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How can we compute the product of all invertibles in $\Bbb Z_n$?

In the special case $n=p$ where $p$ is a prime it is Wilson's theorem. By pairing inverses it reduces to computing the product of all $a$ such that $a^2\equiv 1\pmod{n}.\,$ How can we do that?

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  • $\begingroup$ @mdave16 Yes of course. $\endgroup$ – Taha Akbari Jul 25 '17 at 17:51
  • $\begingroup$ Can you show that whatever the product is, its square must be $1$? $\endgroup$ – Arthur Jul 25 '17 at 18:08
  • $\begingroup$ Do you have any knowledge of group theory? Where did you find the problem? (so we can surmise what level of math is expected) $\endgroup$ – Bill Dubuque Jul 25 '17 at 22:25
  • $\begingroup$ @BillDubuque It was just asked by our teacher after wilson's theorem for research but I am a high school student and I don't have any knowledge of groupe theory. $\endgroup$ – Taha Akbari Jul 26 '17 at 5:39
  • $\begingroup$ @Taha I added a shorter proof to my answer. $\endgroup$ – Bill Dubuque Jul 29 '17 at 3:38
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Most proofs use group theory. Since you don't know that, I will sketch a more elementary proof that attempts to expose some of the group-theoretic essence of the matter more simply.

As you noted, $ $ by pairing inverses the product reduces to the product of all roots of $\,x^2\!-\!1\,$ in $\,\Bbb Z_n.\,$ If there is only one root $\,x = 1\,$ then the product $= 1.\,$ Else there is a root $\,g\neq 1\,$ and using it we can partition the $k$ roots into pairs $(a,ga)$ since the map $\,a\mapsto ga$ is self inverse by $\,g^{-1}=g\,$ and $\,ga\neq a\,$ by $\,g\neq 1.\,$ Each pair $(a,ga)$ has product $a^2 g = g\,$ so the entire product $= g^{k/2}\! = g$ or $1,\,$ by $\,g^2 = 1.\,$ If there are exactly two roots $\,1,g\,$ then the product $= g.\,$ Else there is a third root $h$ and the same argument shows the entire product $= 1$ or $h,\,$ thus it must be $1,\,$ by $\,1,g,h\,$ distinct.

Using the above, we reduce to checking if the set of invertibles in $\,\Bbb Z_n\,$ has at least two nontrivial roots $\,g,h\not\equiv 1$ of $\,x^2\equiv 1.\,$ For $n>2$ one nontrivial root is $\,h\equiv -1.\,$ The proof separates into a few cases, using nothing deeper than CRT = Chinese Remainder Theorem. Let's do a typical case.

If $n$ is odd with at least two prime factors $\,p\neq q\,$ then $\,n = ab\,$ for coprime $a,b>2,\,$ so by CRT the solution of $\,g \equiv 1\pmod{\!a},\ g\equiv -1\pmod{\!b}\,$ satisfies $\,g^2\equiv 1,\,\ g\not\equiv -1,1\pmod{\!n}.\,$ Hence, by above, there are at least two nontrivial roots $\,g\,$ and $\, h\equiv -1\,$ so the product is $\,\equiv 1.\,$

The few remaining cases can be dispatched in similarly simple ways, e.g. see Theorem $2.2$ in Wilson's Theorem: an algebraic approach by Pete L. Clark.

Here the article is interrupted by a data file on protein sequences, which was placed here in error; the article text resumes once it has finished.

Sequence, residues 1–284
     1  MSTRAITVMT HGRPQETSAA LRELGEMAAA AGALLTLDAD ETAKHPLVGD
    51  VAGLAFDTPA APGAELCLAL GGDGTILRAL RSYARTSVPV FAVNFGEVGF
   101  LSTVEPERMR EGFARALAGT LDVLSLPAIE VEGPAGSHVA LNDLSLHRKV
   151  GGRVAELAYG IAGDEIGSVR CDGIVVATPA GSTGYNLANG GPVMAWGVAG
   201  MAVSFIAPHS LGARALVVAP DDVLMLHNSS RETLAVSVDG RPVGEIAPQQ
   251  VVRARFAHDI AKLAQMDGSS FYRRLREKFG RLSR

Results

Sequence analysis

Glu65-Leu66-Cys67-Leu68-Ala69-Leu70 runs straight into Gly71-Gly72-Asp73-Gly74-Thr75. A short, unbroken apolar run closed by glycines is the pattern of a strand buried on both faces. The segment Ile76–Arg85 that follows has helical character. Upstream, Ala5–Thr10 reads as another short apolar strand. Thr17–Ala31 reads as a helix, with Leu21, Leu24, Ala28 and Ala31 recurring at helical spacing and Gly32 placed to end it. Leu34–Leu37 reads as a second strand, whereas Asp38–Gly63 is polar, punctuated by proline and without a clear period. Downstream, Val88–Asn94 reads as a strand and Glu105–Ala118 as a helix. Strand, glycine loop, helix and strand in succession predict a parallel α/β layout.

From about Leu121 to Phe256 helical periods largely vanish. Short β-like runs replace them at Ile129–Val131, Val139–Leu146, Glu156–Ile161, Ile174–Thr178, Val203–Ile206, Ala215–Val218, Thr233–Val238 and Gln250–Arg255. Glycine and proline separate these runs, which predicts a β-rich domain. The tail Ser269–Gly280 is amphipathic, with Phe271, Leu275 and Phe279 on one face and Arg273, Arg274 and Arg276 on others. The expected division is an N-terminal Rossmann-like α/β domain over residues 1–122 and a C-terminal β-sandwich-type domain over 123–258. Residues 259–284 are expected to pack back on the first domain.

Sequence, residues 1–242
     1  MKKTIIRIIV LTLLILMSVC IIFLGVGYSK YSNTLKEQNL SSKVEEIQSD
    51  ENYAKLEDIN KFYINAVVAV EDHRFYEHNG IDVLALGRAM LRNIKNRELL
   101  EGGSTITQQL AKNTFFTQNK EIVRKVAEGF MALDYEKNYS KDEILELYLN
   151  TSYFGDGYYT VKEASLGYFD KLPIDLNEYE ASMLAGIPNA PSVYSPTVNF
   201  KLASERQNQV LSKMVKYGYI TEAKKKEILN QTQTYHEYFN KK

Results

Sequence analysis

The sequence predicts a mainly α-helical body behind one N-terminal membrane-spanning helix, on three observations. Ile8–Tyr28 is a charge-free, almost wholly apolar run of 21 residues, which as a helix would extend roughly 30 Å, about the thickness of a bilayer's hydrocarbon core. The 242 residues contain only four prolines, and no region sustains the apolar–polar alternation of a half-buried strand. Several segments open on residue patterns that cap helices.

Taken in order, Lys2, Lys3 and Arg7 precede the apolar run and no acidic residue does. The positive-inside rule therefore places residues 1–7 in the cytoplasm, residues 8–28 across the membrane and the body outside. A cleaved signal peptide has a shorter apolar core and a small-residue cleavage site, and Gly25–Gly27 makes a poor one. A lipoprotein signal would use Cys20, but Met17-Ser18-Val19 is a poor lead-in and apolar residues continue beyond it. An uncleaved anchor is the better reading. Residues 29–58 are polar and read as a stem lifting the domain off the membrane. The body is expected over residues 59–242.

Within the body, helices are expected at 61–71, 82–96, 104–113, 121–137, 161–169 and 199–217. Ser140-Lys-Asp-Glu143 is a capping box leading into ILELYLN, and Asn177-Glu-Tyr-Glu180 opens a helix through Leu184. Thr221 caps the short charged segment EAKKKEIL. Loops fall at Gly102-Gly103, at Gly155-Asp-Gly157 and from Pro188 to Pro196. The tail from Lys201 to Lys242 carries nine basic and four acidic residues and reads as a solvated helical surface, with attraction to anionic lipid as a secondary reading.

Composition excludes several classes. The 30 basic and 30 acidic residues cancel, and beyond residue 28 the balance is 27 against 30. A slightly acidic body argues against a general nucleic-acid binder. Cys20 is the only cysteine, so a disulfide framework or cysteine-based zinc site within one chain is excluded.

Remark $ $ Here is another elementary way to compute the root product. If there are at least two nontrivial roots $\,g,h\not\equiv 1.\,$ We show that the product of all roots is $\equiv 1$ by placing them into quads (vs pairs) with product $1$. Define $\,a\sim b$ if $a$ can be obtained from $b$ by a sequence of "reflections" of the form $\,x\mapsto gx\,$ or $\,x\mapsto hx\,$ or, equivalently, if $\, a = g^i h^j b\,$ for some integers $i,j$.

It is easy to check that this is an equivalence relation, so it partitions the roots into disjoint classes of equivalent elements. Further, since $\,g^2\equiv 1\equiv h^2$ it is easy to show that each equivalence class has exactly $4$ elements of form $\, \{a, ga, ha, gha\}\,$ with product $\,(a^2 gh)^2 \equiv 1.\,$ Thus the product of all roots partitions into a product of quads with product $1$, so the entire product is also $\,\equiv 1.$

If you learn group theory it is enlightening to revisit the above proof to see how it is used implicitly above. The pairs are the cosets $aG$ of the subgroup $G = \left<g\right> = \{1,g\}$ and the quads are the cosets $aG$ of the subgroup $\,G = \left<g,h\right> = \{1,g,h,gh\}$ or, equivalently, the orbits of $a$ under $G$, so we are essentially repeating a (special-case) proof of Lagrange's theorem

You can find links to other classical approaches in the above linked paper. Exploiting innate reflection (involution) symmetry (as in the pairing and quading above) is a widely applicable method that often leads to elegant proofs.

The ideas above generalize Wilson's theorem even further to: if a finite abelian group has a unique element of order $2$ then it equals the product of all the elements; otherwise the product is $1$. You can find another classical proof of this in Pete L. Clark's notes listed above

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  • $\begingroup$ Here is a similar classical proof that $-1$ is a square in a finite field of odd size $\,q\iff q\equiv1\pmod{\!4}$ $\ \ \ $ $\endgroup$ – Bill Dubuque May 21 '20 at 2:37
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Gauss's generalization of Wilson's theorem. The product is $-1$ mod $n$ if $n$ is $4$, a power of an odd prime, or twice a power of an odd prime; for all other $n>1$ it is $1$. See also OEIS sequence A001783.

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  • $\begingroup$ Could you give a link to its proof? $\endgroup$ – Taha Akbari Jul 26 '17 at 5:48
  • $\begingroup$ I mean the part for all other $n>1$?The other parts can be proved easily. $\endgroup$ – Taha Akbari Jul 26 '17 at 6:14
  • $\begingroup$ @Taha I added a sketch of an elementary proof avoiding group theory. $\endgroup$ – Bill Dubuque Jul 26 '17 at 14:35

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